Results at 5V: An Upset!

Model
° C at Idle, 10 mins
° C with Prime95, 20+ mins
Diode
Socket
Board
Diode
Socket
Board
SLK800
49
42
25
70
58
27
AX7
50
45
26
63
56
27
6000CU
59
51
28
79*
64
30
MC462A
51
47
26
70
57
27

*Stopped before 20 minutes -- see text below.

At 5V, the Panaflo is pretty much inaudible but still blows about 10 CFM (according to calculations, not by measurement). Interestingly, rankings have changed dramatically. At idle, the Thermalrights and the Swiftech are tightly placed in a 2° C window. This is within the margin of error for the test system; they might be considered about equal. But with the CPU under load, the AX7 is now clearly top dog, and the SLK800 and the Swiftech share second place 7° C behind! *The Zalman probably hit thermal overload; the temperature was still creeping up when the plug was pulled on after 18 minutes to avoid CPU damage.

High Power Fan Check

Finally, a high power fan that is likely to be used by performance enthusiasts was brought in for a kind of reference check. The fan is a Sanyo-Denki 80 x 32 mm model 109P0812A201 rated at 53 CFM, 45 dBA, 4600 rpm, 0.56 amp. Quieter than the 80 CFM Delta that is sometimes marketed with high power HS, but loud enough to deafen most ordinary folks. It is the official lower noise fan that came with the Swiftech MC462A. Measured 1 cm from the frame (like the Panaflo), the noise reading is 85 dBA(!), and the vibration it produces is enough to make the whole test platform hum and buzz when simply placed on top of the HS. Here's what it does with these HS:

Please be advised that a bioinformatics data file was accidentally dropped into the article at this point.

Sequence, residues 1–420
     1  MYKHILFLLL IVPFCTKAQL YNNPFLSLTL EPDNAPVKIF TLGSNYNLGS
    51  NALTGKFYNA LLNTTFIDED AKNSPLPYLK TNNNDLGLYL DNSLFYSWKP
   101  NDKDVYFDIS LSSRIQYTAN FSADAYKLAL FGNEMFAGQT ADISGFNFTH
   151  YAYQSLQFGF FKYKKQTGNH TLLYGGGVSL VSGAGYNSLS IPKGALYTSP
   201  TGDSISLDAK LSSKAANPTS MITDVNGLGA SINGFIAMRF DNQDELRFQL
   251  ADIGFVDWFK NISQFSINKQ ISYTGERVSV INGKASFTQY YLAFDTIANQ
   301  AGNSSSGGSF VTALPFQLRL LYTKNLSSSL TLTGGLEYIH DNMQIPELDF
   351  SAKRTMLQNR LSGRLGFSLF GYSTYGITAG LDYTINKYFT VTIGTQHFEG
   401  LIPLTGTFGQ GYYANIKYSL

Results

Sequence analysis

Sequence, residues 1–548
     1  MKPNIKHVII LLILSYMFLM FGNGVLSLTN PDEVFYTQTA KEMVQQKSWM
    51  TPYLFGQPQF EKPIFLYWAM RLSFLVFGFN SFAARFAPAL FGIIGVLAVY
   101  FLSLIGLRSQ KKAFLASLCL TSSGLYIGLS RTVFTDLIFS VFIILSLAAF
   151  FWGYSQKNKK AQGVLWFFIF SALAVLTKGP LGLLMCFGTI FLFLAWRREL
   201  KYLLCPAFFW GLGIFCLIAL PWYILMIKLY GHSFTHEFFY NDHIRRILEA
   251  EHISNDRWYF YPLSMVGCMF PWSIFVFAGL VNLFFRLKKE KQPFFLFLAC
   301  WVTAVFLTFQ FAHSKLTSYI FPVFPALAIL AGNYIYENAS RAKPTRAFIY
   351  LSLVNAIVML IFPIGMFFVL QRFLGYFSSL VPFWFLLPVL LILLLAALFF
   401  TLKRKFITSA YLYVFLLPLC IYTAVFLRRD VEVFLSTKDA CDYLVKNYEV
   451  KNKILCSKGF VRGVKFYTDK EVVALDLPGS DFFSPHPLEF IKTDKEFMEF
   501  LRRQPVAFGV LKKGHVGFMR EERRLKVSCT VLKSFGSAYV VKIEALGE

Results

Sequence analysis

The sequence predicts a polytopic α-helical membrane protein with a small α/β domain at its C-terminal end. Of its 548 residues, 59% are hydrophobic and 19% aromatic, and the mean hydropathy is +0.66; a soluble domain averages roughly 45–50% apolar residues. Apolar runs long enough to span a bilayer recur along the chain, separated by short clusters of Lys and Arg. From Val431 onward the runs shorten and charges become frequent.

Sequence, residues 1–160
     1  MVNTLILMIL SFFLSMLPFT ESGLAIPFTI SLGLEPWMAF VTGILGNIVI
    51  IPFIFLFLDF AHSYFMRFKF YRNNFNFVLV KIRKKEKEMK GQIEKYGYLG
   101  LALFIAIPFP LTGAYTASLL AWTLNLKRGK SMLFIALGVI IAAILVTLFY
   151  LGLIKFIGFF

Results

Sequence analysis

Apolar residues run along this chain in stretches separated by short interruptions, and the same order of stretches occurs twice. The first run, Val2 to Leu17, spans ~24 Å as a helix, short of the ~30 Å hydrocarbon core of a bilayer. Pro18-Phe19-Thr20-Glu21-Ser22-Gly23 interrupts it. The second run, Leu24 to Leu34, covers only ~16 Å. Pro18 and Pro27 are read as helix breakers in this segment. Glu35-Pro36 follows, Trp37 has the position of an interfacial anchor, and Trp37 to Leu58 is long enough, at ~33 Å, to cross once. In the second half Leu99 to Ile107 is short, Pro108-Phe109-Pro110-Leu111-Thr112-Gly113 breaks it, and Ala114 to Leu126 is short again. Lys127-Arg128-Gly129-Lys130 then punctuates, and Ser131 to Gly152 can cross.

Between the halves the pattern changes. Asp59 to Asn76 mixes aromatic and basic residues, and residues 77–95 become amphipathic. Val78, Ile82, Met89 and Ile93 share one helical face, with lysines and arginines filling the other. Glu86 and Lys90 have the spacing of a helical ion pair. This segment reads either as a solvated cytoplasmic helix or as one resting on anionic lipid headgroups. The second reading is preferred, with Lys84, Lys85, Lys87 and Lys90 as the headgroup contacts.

Sanyo-Denki fan @ 12V
Diode reading in ° C
Idle
Max
SLK800
31
37
AX7
37
44
6000CU
39
47
MC462A
36
41

The SLK800 comes out on top as expected. The Swiftech rises with the high airflow, confirming the often repeated statement that it is optimized for performance with high airflow. The AX7 falls a few degrees behind, and the Zalman brings up the rear with a perfectly respectable 47° C. Now, none of the contenders exceeds 50° C, which is remarkable considering this is the in-die core temperature. The price is a gradual decline into deafness.

DATA ANALYSIS

The test system's AMD XP1600+ (Palomino core) is rated to produce 62.8W maximum at the default 1.75V Vcore. All monitoring programs show the test motherboard's Vcore, set to default, to be 1.81~1.84V, slightly higher than normal. This puts the power up a bit; let's call it 65W. This assumes Prime95 working in Windows XP causes the XP1600+ to dissipate 65W.

HS cooling performance is best summarized by ° C/W or how many degrees the object temperature rises for each watt of heat it dissipates. A specification of 1° C/W means temperature rises by 1° C for each watt of heat -- this is very bad performance for a CPU HS, BTW.

Using 22° C (measured 6 inches above the fan intake) as the room ambient temp, the ° C/W calculated for each HS at each fan voltage (with Prime95) is shown below.

Temp rise is probably the simplest, most useful data here. If you're considering using one of these HS with a similar CPU, just add the appropriate temp rise number to your case ambient temp and you'll get a reasonable prediction of performance in your setup. Temp rise refers to the temperature rise in ° C over ambient temperature - the difference between diode temp readings and the room ambient.

Model
Panaflo 12V

Panaflo 7V

Panaflo 5V
Sanyo-D 12V
Temp rise
° C/W
Temp rise
° C/W
Temp rise
° C/W
Temp rise
° C/W
SLK800
19
0.29
26
0.40
48
0.74
15
0.23
AX7
26
0.40
33
0.49
41
0.63
22
0.34
6000CU
34
0.52
41
0.63
58
0.88
25
0.38
MC462A
26
0.40
33
0.49
48
0.74
19
0.29